June 17, 2014
Surely if the Board intended to mandate arbitration as a part of an interim grievance procedure, its decision would have clearly provided such guidance. Thus, in disagreement with the General Counsel, I find that Alan Ritchey does not specifically require that an interim grievance procedure contain an arbitration component.Having concluded that arbitration was not a required element of an interim grievance procedure, the ALJ held that the two-step “grievance only” procedure was sufficient to relieve the employer of its obligation to provide the union with notice and an opportunity to bargain before it terminated several employees. The ALJ's Medic Ambulance decision offers a welcome constraint to the far-reaching scope of the NLRB's Alan Ritchey decision. Employers should be cautioned, however, that the ALJ's decision is not binding precedent and the union may still pursue an appeal to the NLRB.
June 16, 2014
March 26, 2014
February 5, 2014
The National Labor Relations Board ("Board") reissued a proposed rule today that would significantly shorten the timetable for union representation elections. This same proposed rule (which has become known as the "quickie" or "ambush" election rule) was initially issued by the Board on June 22, 2011. After the proposed rule was met with strong opposition from employer organizations, the Board issued a final rule on December 22, 2011, that was a scaled-down version of the proposed rule. The final rule became effective on April 30, 2012. However, on May 14, 2012, the U.S. District Court for the District of Columbia declared the final rule to be invalid because the Board lacked a quorum when it voted on the final rule. The Board appealed the decision, but recently announced that it was withdrawing its appeal. As some had predicted, the Board's withdrawal of its appeal set the stage for its reissuance of the broader June 22, 2011, proposed rule. The proposed rule:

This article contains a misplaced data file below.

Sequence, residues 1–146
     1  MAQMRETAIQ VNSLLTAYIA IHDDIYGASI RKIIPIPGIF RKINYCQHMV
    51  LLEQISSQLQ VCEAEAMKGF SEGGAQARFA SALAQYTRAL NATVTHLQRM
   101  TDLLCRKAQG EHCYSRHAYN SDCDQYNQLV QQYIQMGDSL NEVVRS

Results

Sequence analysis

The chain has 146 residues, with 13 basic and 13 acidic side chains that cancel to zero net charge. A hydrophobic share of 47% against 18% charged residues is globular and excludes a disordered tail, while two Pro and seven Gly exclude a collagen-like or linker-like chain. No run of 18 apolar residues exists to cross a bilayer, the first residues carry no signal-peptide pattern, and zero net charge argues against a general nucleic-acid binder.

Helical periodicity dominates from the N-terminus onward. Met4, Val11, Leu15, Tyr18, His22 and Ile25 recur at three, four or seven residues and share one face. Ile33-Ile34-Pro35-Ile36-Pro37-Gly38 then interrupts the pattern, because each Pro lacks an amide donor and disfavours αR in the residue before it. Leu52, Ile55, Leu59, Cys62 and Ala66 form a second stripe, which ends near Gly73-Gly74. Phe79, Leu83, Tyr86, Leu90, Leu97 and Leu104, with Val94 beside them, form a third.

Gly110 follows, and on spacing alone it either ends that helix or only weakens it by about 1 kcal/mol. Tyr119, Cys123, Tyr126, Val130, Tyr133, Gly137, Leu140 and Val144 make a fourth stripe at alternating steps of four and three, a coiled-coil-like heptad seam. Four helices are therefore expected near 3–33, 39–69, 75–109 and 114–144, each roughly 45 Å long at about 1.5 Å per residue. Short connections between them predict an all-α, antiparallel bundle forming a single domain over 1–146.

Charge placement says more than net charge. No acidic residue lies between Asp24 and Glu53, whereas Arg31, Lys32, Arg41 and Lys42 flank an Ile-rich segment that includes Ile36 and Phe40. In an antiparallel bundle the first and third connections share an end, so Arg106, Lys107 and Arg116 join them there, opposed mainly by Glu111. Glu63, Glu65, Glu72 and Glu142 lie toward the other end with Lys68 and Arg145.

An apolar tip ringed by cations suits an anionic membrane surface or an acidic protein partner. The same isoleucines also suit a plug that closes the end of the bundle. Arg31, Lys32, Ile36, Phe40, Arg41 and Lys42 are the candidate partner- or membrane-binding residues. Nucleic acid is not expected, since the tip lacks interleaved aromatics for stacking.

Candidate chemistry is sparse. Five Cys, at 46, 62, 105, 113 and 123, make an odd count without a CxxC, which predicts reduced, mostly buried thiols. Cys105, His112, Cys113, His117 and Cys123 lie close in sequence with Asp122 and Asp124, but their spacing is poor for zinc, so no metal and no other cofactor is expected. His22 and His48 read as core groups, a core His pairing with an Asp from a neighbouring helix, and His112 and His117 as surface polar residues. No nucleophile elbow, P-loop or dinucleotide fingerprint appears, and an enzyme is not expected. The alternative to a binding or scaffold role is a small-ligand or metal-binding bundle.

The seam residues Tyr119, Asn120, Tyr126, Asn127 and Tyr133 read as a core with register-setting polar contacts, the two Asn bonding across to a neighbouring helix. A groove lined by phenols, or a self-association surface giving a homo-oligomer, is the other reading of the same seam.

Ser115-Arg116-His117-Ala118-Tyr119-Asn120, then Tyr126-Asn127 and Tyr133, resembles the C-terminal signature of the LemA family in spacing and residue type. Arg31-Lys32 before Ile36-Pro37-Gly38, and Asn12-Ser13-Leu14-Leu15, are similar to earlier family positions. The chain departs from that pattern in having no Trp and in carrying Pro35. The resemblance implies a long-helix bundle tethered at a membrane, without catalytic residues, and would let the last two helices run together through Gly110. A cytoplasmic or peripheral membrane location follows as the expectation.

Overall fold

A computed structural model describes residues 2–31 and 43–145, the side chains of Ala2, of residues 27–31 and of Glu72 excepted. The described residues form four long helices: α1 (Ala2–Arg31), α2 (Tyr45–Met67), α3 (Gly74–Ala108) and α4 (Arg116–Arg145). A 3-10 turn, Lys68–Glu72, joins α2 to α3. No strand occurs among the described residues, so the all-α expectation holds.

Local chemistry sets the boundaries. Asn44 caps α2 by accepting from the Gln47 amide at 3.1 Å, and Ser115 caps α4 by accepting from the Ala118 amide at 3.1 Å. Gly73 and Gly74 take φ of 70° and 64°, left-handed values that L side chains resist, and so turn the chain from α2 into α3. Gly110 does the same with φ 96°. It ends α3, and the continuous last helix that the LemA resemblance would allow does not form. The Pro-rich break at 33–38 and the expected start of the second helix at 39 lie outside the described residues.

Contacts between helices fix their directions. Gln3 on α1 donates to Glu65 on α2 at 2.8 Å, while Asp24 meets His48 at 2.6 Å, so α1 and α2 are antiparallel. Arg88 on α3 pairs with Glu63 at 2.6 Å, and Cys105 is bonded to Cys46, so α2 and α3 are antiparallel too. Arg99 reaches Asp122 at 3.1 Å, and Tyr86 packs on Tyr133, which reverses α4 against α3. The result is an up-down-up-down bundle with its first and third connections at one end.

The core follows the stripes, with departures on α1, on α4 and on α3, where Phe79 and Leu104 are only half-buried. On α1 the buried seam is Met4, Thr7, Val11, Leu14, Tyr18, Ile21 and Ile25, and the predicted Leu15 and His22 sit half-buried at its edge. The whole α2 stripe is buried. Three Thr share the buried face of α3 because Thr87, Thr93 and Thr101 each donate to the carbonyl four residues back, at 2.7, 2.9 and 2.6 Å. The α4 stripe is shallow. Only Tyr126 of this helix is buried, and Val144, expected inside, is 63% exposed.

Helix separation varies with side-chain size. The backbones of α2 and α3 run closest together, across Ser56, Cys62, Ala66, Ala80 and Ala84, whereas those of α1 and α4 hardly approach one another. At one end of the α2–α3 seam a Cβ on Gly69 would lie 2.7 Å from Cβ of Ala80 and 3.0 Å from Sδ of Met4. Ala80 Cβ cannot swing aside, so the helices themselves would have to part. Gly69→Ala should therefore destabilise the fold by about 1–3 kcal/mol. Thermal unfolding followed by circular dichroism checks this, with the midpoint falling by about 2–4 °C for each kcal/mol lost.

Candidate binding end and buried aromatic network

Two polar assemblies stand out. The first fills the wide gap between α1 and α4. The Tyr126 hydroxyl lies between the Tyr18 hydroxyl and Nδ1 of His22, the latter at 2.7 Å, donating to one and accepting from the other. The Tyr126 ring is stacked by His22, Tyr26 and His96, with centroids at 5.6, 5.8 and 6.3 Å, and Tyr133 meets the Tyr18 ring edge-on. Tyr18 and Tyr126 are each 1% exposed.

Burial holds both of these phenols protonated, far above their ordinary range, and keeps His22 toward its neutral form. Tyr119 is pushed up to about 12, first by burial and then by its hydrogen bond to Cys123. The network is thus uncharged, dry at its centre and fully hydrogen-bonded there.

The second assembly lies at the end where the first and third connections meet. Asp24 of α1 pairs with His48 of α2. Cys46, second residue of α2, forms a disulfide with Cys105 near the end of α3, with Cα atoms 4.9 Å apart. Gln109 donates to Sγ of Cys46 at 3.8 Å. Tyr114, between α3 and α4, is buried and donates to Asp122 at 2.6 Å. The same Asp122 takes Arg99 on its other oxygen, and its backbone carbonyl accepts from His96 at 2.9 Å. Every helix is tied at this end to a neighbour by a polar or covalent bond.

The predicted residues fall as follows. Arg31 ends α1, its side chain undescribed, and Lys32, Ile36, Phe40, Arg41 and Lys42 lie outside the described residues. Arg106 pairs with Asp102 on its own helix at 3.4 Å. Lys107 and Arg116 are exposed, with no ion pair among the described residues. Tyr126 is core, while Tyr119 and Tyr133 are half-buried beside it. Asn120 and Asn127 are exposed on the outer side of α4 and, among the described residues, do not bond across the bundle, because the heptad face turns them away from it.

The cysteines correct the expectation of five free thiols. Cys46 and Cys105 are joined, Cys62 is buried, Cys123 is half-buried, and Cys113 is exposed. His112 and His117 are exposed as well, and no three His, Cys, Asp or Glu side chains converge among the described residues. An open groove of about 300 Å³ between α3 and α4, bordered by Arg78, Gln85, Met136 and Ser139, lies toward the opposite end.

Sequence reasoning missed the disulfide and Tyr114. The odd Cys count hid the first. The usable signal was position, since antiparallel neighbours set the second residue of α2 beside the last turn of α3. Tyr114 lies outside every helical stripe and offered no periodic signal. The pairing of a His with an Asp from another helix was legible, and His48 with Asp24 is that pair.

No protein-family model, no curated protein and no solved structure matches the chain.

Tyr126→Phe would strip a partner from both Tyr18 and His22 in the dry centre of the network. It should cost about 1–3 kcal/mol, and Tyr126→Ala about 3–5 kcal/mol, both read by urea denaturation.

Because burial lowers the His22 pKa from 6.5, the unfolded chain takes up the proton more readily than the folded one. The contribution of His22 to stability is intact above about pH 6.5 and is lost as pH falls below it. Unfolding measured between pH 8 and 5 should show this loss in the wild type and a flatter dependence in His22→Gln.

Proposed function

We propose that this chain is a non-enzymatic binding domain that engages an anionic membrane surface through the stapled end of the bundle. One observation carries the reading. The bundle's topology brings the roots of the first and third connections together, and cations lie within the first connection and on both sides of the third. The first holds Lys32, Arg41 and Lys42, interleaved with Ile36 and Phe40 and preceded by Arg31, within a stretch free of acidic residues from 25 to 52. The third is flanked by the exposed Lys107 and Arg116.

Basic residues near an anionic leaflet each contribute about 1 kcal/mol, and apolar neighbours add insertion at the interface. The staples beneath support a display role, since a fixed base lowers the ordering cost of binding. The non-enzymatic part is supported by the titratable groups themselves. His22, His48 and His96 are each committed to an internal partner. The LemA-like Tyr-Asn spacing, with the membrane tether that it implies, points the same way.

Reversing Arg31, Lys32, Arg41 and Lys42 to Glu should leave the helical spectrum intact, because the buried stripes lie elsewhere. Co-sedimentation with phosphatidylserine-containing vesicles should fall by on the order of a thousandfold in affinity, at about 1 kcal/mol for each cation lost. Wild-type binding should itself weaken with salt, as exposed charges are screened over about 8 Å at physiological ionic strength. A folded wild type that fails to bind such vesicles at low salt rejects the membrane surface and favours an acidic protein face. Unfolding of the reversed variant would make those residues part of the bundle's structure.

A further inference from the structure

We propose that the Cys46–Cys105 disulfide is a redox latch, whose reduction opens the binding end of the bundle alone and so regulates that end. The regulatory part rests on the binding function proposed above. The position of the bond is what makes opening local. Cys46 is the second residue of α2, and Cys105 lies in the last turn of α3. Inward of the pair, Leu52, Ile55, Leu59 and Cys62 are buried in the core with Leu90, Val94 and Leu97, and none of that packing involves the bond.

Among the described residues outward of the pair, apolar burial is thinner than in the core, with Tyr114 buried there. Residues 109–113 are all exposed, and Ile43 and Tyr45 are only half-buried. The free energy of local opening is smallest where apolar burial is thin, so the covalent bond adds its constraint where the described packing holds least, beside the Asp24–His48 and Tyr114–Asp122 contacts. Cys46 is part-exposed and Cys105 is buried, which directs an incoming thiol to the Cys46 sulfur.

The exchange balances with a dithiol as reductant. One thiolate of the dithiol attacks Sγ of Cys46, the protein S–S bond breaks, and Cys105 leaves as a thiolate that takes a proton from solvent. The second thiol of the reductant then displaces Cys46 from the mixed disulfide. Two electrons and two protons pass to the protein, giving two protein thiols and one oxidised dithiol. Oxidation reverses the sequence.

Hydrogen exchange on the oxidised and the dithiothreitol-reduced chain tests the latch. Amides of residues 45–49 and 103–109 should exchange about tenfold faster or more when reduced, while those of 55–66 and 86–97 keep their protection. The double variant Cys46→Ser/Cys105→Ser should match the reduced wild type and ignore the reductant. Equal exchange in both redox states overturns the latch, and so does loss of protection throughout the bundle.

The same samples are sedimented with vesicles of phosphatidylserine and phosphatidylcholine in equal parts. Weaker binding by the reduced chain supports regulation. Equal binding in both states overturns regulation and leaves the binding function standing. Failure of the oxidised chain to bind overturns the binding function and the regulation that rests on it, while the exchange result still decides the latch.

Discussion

- Establishes electronic filing of election petitions and other documents (intended to speed up processing);
- Requires pre-election hearings to begin seven days after a petition is filed (currently, pre-election hearings can begin up to two weeks after a petition is filed);
- Defers litigation of all “eligibility” issues if they involve less than 20% of the proposed bargaining unit until after the election (these issues would be decided post-election if needed);
- Eliminates pre-election appeals of rulings by Board Regional Directors; and
- Reduces the time in which an employer must provide an electronic list of eligible voters from seven days to two days.
If this proposed rule is implemented, it will significantly shorten the time period from the filing of a union representation petition to the date on which a representation election is held. This creates a distinct advantage for the union, because it gives the employer less opportunity to counteract a union campaign which likely began well before the filing of the representation petition. Comments on the proposed rule from interested parties must be received on or before April 7, 2014. After the comment period, the Board may revise the proposed rule, or may issue it as a final rule. The Board’s decision to reissue the original proposed rule that was issued on June 22, 2011 (rather than the final rule that was issued on December 22, 2011) seems to indicate that the Board may not be willing to make significant changes before a final rule is issued. However, it is likely that the final rule -- in whatever form it is issued -- will once again be challenged by employer organizations in federal court on the ground that the Board exceeded its rulemaking authority.
January 5, 2014